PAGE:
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Jun 23, 2011

JMP for Data-Driven Decisions at Home: Cell Phone Use

A while back, I was surprised to receive a huge cell phone bill. My family had greatly exceeded our monthly allotment of minutes. In response to that episode I became extremely conservative with my cell-phone minutes allotment that I purchased. Then as time passed I decided it was time to analyze my family’s cell phone usage data in JMP to more correctly assess the situation.

Initially, I visualized the distribution of 24 months of cell phone minutes usage for a family-of-four plan. I could see that the data was normally distributed and that 1,400 minutes looked like a reasonable amount of minutes for us to purchase based upon the available plans.

Digging deeper into the data, I thought it would be prudent to add a time element to this data and take advantage of the Control Chart platform in JMP. I wanted to see whether any trends were developing before making a change in my contract.

This analysis showed that the process appears to be in control, residing between the lower control limit (LCL in the Control Chart below) and upper control limit (UCL). In addition, it appears that 1,400 minutes would be a good choice for our minutes per month because it is slightly outside of Zone B in the Control Chart. This means that roughly 95% of all of my data in the future, if my process remains in control, should reside within Zone B. I concluded that this is the level of risk that I can tolerate for a $20 savings each month by cutting back our usage to 1,400 minutes per month.

But wait! There were still more discoveries to make! I peeled the onion a little further on my process. By sorting my minutes usage by phone number and stacking the data, I used the Phase feature in the Control chart platform. This allows me to visually see the usage by user.

Clearly, although the entire family is a process that is in control, as shown previously, the components of that process show interesting usage patterns. In the name of family harmony, I choose not to elaborate on those conclusions any further. Suffice it to say that I do not have many friends. However, I am happy to see that I have the lowest variation, and the process with respect to my phone usage is Six Sigma.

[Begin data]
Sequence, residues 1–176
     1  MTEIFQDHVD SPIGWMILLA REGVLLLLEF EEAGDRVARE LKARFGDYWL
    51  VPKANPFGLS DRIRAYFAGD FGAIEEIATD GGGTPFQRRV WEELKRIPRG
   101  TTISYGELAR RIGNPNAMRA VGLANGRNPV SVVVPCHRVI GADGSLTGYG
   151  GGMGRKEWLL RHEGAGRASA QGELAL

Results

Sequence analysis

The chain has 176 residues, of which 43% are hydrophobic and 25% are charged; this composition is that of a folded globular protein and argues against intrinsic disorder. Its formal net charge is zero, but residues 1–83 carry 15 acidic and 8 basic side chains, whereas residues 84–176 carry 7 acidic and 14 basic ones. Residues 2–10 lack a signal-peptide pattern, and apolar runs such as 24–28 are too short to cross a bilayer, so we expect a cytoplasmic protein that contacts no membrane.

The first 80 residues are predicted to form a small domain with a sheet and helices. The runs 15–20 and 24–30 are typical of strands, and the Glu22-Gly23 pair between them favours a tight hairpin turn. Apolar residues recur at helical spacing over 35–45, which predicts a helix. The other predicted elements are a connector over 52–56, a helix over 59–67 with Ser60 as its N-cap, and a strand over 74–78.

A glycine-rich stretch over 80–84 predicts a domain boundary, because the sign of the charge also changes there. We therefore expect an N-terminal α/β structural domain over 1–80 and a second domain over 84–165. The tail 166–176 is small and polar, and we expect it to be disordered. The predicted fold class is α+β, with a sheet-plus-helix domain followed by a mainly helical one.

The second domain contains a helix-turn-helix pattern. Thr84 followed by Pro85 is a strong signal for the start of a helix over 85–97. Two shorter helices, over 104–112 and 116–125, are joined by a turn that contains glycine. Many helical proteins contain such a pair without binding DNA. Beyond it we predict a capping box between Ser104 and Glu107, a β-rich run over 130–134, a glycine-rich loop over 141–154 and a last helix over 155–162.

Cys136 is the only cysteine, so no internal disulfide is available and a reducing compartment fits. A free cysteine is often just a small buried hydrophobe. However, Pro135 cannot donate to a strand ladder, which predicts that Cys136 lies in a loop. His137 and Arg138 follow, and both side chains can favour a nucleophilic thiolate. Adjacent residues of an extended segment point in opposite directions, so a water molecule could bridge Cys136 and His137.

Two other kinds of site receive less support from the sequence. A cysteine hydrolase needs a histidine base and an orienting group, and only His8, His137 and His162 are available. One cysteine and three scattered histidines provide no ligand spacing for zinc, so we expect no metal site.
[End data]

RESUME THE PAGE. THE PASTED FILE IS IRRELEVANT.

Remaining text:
Community Member

Kun wrote:

Very interesting example. Can you send me your JMP spreadsheet in this study, so that i can try by myself.

Kun, from China

Community Member

Charles wrote:

Will you please send me some examples? My e-mail is

Thank you!

Community Member

Lou Valente wrote:

You ask a good question. Since I have 28 years of performing Design of Experiments for my previous employer, I can tell you that without exception the DOE approach is the most efficient and effective way to experiment. As far as your question around running a DOE to optimize a Web site, for example, I can send you some examples of how DOE is used exactly for that.

If you own a copy of JMP, you will find a very helpful tutorial located at the Help pull-down menu that takes you through the DOE process step by step. If you do not own a copy of JMP, please download the 30-day trial and check it out. JMP and DOE certainly made a significant difference for me with respect to the efficiency and effectiveness of my experimentation.

Community Member

Charles wrote:

Thanks for the post. By the way, I read an article on experimental design that is quite unlike the "conjoint like" analysis that was provided several weeks ago. Instead, it was a factorial design that was used to determine the most criterial or levels of various web banner advertisements. For example, a company might have a combination of sizes, messages, offers and prices. How would this be done using the experimental design platform in JMP?

I hope you can understand my question.

Thank you

Community Member

Daniel wrote:

Excellent! I've been looking for an easy-to-understand example using JMP's control chart platform before diving in with some of my own data. This was tremendously helpful. I may want to do the cell phone analysis too!

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